Greta Thunberg arrived to cheers from the audience in lower Manhattan and was introduced as "the nicest, kindest most humble person".

    "Around the world today about four million have been striking and we are still counting," she said.

    "This is the biggest climate strike ever in history and we all should be so proud of ourselves because we have done this together."

    She read out the numbers of people at each protest, including:

    Australia 350,000 people

    London 100,000

    Berlin 270,000

    Dublin 25,000

    A medic was sent to help someone in the audience, which has put her speech on hold for now.

    Greta Thunberg in New York
  8. Greta Thunberg, the teen climate heroine

    Ashitha Nagesh

    BBC News, London

    Greta Thunberg during an interview in New York on 20 September

    Hundreds of thousands of people - and counting - have been taking to the streets today to call for action on the climate crisis.

    The catalyst for this huge movement has been Greta Thunberg - the Swedish teenager who inspired a global climate movement with her solitary protests last year. She is expected to address the crowds in New York imminently.

    Now she's arguably the most famous climate activist in the world, with a nomination for the Nobel Peace Prize and a gig addressing the UN's climate summit next week.

    Her sharp words to US Congress on Thursday also helped cement her icon status. "Sorry, you're not trying hard enough" - a message echoed by many frustrated teenagers, and adults, around the world.

    Now, after a day of international demonstrations, she's getting ready to address a rally outside the UN's headquarters.

  9. So what are the adults doing?

    Students in the Global Climate Strike march in New York City
    Image caption: Students in the Global Climate Strike march in New York City

    You might be tempted to ask, like the student protesters above, where are the grown-ups in the room? Why haven’t any of our world leaders sorted this out?

    Well… some of them have been trying, but it hasn’t always gone smoothly.

    One recent milestone was the 2015 Paris climate deal, which united all the world’s nations in a single agreement on tackling climate change.

    World leaders clapping after the signing of the Paris climate agreement
    Image caption: Leaders applaud the signing of the Paris climate accord in December 2015

    President Donald Trump announced two years later that he would withdraw from the deal - making the US the only country in the world to reject it.

    Nonetheless, the deal is still considered historic, with signatories committing to keeping temperatures below 2.0C (3.6F) above pre-industrial times.You can read more about what it covers here.

  10. Can Jeff Bezos quell Amazon climate strikers?

    Ashitha Nagesh

    BBC News, London

    Employees at Amazon headquarters in Seattle are joining today's climate strike, protesting against a crisis they say their employer has contributed to.

    Ahead of the global protests, the company's CEO – Jeff Bezos – outlined a climate pledge that would see Amazon become carbon neutral by 2040.

    But the strikers, from the group Amazon Employees for Climate Justice (AECJ), say this isn't enough.

    The group says Mr Bezos' plan to offset Amazon's carbon emissions by 2040 stops far short of its demand that the company stop using fossil fuels entirely within the next decade.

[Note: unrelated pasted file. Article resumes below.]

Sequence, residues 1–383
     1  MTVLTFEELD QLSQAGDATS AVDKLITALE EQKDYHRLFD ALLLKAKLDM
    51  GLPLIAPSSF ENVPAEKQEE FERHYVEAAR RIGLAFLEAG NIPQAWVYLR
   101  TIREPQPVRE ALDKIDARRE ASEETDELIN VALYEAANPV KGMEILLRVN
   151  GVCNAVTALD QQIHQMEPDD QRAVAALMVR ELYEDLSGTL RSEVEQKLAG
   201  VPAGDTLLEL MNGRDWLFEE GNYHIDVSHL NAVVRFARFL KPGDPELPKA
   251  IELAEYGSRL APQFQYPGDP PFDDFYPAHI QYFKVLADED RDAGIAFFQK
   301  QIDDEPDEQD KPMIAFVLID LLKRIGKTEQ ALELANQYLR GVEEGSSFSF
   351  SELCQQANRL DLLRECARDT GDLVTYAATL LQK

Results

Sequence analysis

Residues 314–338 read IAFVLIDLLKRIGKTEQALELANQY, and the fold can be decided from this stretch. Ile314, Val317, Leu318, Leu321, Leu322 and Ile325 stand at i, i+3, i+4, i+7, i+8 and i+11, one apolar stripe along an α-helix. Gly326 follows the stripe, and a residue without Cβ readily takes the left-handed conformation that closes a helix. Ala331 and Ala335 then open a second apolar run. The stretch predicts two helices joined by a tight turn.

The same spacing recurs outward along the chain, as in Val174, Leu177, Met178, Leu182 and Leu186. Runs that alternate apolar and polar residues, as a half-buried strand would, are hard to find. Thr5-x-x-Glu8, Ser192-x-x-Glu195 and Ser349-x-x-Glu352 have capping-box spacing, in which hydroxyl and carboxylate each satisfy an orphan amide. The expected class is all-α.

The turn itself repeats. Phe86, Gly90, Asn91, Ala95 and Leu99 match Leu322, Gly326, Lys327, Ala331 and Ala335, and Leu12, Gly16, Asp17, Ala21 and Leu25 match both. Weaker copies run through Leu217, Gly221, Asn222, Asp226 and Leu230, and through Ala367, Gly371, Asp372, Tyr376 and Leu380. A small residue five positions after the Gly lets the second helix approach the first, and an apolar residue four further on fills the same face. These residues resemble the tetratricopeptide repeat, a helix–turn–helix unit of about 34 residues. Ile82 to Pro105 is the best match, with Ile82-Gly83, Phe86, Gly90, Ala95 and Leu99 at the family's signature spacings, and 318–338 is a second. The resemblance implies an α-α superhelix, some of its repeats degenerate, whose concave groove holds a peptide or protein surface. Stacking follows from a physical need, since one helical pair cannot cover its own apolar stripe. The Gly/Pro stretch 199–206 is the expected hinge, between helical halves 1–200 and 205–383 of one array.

Jeff Bezos, announcing his climate pledges
    Image caption: Jeff Bezos' pledge to offset carbon emissions by 2040 falls short of his workers' demands

    AECJ also called for Mr Bezos to stop donating to politicians and lobbying groups that deny the existence or the extent of the climate crisis, and to stop working with oil and gas companies on the exploration of fossil fuel reserves.

    The Amazon CEO has not agreed to these two demands.

    Rebecca Sheppard is a senior product manager at Amazon and a member of AECJ.

    She told BBC Newsday earlier today: "It’s absolutely a victory, but it’s not everything that we asked for. We actually don't want to be carbon neutral, we want to be zero emissions. We don't want to rely on carbon offsets."

    You can listen to Rebecca's radio interview here.

  11. Thousands in New York City

    Shrai Popat

    BBC News, New York City

    A rallying chant spread through the crowd: "What do we want? Climate Justice! When do want it? Now!"

    Foley Square overflowed, and a number of streets had to be closed due to the sheer number of those marching. There's a range of people, with many school students marching in groups.

    While there was excitement among those marching, there was also a sense that this collective action must spur some change.

    For many of the younger activists the stakes are too high to ignore.

    "It’s either we miss school or we miss life," says 17-year-old Phillip Austin.

    Girl with sign
    Image caption: Girl with sign
    Sign in New York City
    Image caption: Sign in New York City
    Girl with sign about plastic waster
    Image caption: Lots of the signs referred to plastic waste
    Organiser in New York
    Image caption: Organiser in New York
    Sign saying 'Sorry, I can't clean my room, I'm busy saving the world'
    Image caption: Humour was abundant
  12. 'I was elected to be president of Pittsburgh not Paris'

    Since the early days of his administration, President Trump has made it clear his priority is to create jobs and reduce America’s dependence on foreign oil by expanding drilling. He also hasn’t been shy about his scepticism toward renewable and alternative energy sources. “We’ve lost four years.” But activists and Obama-era officials insist it’s possible to be both pro-environment and pro-business. Nat Keohane worked in the Obama administration to help create many of the rules Trump is now rescinding. He says the lack of American leadership on climate change has not only impacted the US but the rest of the world as well.

    View more on twitter
  13. What is President Trump's environmental record?